Israel's diplomatic history explored in Emmanuel Navon's new book

In its attempt to adumbrate Israel’s relations with the nations across time and space, the work evidences admirable ambition and posits a winning idea.

'The Star and the Scepter: A Diplomatic History of Israel,' by Emmanuel Navon. (photo credit: Courtesy)
'The Star and the Scepter: A Diplomatic History of Israel,' by Emmanuel Navon.
(photo credit: Courtesy)
“Diplomacy involves compromise between ideals and realpolitik, between principles and interests,” according to The Star and the Scepter author and international relations expert Emmanuel Navon (From Israel with Hope), a lecturer at Tel Aviv University and IDC Herzliya, whose new work aims to fill a lacuna in the existing literature on Israeli foreign policy by giving a systematic and updated account thereof that is additionally informed by the lengthy diplomatic history of the Jewish people.
In its attempt to adumbrate Israel’s relations with the nations across time and space, the work evidences admirable ambition and posits a winning idea. As a history, The Star and the Scepter delivers a matter-of-fact account of Jewry’s international relations; it concerns itself with praxis, not theory (and therefore a theoretical treatise remains a major desideratum). In this current effort, Navon employs a wide lens to retrace the interactions between Jewish polities and neighboring countries and empires, and between individual Jewish statesmen and gentile rulers during Jewry’s nearly bimillenary statelessness, a unique phenomenon in the annals of world history. He limns Israel’s precarious balancing act between faith and power, or idealism and pragmatism, binaries symbolized by the star and the scepter respectively, and ascribes Jewry’s survival “to a strong sense of historical mission, as well as to the constant adaptation of that mission to the real world.”
Notably, Navon’s treatment of biblical and classical Israel – periods spanning more than 2,000 years – comprises approximately 50 pages, just one-tenth of the book, the majority of which consists of recapitulation with concise conclusions, more summary than analysis. By contrast, Navon’s survey of the State of Israel’s foreign affairs is comprehensive and methodical, his analysis perspicuous. The distinct impression given the reader is that this book would have been best published in two volumes or at least with two equal sections, one covering antiquity and the other modernity, each afforded equal attention and thorough analysis.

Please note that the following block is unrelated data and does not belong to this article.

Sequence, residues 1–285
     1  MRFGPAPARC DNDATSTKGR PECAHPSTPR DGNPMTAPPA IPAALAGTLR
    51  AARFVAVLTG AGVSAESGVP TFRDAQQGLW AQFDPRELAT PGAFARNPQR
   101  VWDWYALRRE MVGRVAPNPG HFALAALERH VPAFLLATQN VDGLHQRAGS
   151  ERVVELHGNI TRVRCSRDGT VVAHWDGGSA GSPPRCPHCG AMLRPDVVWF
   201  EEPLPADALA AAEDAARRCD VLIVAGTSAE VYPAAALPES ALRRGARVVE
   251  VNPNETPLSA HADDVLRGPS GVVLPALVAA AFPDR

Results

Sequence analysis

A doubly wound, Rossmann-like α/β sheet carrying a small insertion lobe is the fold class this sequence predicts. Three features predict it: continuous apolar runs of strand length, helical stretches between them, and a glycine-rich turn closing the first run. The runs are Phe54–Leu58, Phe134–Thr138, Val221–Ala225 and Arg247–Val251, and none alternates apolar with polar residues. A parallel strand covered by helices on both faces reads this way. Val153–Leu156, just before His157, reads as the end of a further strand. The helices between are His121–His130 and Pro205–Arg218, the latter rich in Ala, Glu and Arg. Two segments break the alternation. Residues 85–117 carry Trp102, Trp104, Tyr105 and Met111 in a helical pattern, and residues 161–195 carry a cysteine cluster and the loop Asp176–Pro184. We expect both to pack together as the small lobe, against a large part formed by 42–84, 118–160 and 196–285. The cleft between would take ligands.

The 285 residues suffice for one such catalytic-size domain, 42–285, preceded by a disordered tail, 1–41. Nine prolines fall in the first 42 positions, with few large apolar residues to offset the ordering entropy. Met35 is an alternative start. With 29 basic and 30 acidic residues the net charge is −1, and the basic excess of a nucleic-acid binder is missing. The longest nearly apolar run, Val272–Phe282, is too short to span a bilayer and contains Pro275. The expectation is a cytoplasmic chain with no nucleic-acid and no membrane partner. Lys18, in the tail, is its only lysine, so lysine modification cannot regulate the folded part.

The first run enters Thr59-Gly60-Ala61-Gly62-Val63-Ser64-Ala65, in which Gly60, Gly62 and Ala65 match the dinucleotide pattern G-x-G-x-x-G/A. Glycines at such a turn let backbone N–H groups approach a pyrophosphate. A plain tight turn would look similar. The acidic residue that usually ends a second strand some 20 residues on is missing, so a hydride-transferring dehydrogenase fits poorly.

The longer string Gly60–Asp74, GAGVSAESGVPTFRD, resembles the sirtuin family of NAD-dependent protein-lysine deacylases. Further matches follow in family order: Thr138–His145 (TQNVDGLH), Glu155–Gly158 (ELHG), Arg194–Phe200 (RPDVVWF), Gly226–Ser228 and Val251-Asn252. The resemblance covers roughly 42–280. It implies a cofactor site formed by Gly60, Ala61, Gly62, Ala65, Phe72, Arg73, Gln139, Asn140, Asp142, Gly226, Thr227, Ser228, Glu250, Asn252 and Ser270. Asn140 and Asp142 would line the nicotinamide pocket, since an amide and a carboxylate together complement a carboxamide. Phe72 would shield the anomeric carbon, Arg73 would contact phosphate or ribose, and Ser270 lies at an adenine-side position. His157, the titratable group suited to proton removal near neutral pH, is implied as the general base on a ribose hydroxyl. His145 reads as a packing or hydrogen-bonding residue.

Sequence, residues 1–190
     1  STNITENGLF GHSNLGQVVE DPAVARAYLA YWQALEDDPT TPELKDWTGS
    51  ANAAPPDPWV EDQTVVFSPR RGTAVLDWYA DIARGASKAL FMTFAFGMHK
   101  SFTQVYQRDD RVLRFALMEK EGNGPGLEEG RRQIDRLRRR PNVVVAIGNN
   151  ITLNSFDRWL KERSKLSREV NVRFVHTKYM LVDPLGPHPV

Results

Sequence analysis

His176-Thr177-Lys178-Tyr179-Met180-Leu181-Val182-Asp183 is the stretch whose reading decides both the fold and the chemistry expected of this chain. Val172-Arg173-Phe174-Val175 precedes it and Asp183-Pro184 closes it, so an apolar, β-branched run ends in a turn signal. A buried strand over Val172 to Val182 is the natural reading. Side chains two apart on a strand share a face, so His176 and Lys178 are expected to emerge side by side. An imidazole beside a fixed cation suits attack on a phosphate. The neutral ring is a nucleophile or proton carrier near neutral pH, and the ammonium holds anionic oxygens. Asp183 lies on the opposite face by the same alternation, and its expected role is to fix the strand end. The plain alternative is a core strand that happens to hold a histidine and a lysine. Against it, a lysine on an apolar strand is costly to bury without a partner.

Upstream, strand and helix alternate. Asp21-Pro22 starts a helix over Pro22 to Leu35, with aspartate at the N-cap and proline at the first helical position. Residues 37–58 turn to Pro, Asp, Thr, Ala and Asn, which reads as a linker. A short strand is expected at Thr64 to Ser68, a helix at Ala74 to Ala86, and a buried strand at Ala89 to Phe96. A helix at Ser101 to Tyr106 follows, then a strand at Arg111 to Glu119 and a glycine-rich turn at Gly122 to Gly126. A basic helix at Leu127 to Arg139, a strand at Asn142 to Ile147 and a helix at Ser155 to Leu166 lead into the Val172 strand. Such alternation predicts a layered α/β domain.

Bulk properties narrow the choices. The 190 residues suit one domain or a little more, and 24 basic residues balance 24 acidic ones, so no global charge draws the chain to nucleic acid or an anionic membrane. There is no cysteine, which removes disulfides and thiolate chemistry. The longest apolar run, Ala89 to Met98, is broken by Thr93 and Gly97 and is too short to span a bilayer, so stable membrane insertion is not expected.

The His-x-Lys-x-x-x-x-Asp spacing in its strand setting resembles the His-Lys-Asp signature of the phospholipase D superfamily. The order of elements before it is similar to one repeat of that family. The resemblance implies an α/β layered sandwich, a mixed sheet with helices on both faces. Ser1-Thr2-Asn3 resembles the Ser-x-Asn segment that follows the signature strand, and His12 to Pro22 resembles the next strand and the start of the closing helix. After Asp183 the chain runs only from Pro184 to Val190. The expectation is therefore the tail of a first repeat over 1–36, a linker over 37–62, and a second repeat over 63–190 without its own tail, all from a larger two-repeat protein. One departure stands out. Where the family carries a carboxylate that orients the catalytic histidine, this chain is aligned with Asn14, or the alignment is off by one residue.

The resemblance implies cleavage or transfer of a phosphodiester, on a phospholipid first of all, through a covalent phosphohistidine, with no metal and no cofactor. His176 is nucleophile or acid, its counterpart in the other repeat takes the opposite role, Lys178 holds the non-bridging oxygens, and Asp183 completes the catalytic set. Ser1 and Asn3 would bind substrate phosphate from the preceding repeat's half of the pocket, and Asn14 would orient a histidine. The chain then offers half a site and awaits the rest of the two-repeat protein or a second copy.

Overall, the book is an impressive and accessible narrative accenting the expediencies and exigencies of realpolitik; national interests, regional allegiances, and international alliances; solidarities and betrayals; voting blocs; alignments and realignments; severed relations and rapprochements. The author foregrounds numerous important geopolitical matters, including the cynical nonabrogation of the anomalous UN agency UNRWA in spite of the establishment of the all-encompassing UNHCR agency the following year; the Bandung Conference (1955) in Indonesia, from which Israel was excluded at the last minute; Israel’s erstwhile “periphery strategy” to forge ties with non-Arab and anti-Soviet states in the Middle East; the influence of communist North Korea on Arafat and the PLO; Israel’s subsequent “arms sales diplomacy”; modern Israel’s ill-fated retrocessions (land-for-terrorism) made under pressure; Hezbollah’s infiltration of and illicit activities in the relatively lawless Tri-Border Area of South America; Africa’s “Islamic Arc” (Mali-Nigeria-Somalia); the Visegrád Group, an eastern European political alliance between Poland, Hungary, the Czech Republic, and Slovakia, whose pro-Israel posture challenges conventional EU policies on the Middle East; and the game-changing impacts of military prowess, advanced technologies, and natural resources. The author’s depiction of modern Israel’s European relations is particularly adept.
Navon’s perspicacious estimations are only seldom marred by solecisms, as in the case of Queen Salome Alexandra (Shlomtzion HaMalkah), regrettably given short shrift and portrayed as unsuccessful – despite the fact that she possessed extensive foreign connections, was respected by neighboring monarchs, was praised for her peaceful reign by the Pharisees, and diplomatically (by means of peace treaties and gifts) prevented the advancing King Tigranes II the Great of Armenia from occupying Judea (circa 70 BCE), or in the infelicitous assertion that the State of Israel’s large natural gas deposits have “helped mend fences with Turkey”, a plausible potentiality thus far unrealized.
Given the brisk pace of current events – including Israel’s newly normalized relations with the UAE, Bahrain, Sudan, Morocco, and Bhutan (with perhaps Saudi Arabia or Oman also on the horizon) – the book will doubtless require an updated edition.
The Star and the Scepter should be required reading for every veteran and cadet in Israel’s Foreign Ministry, and will be of significant interest to informed and educated general readers concerned with the Jewish people’s and the Jewish state’s places in the world. The book includes 18 maps, endnotes, a bibliography, and an index. ■
The Star and the Scepter: A Diplomatic History of Israel
Emmanuel Navon
Jewish Publication Society, 2020
527 pages; $36.95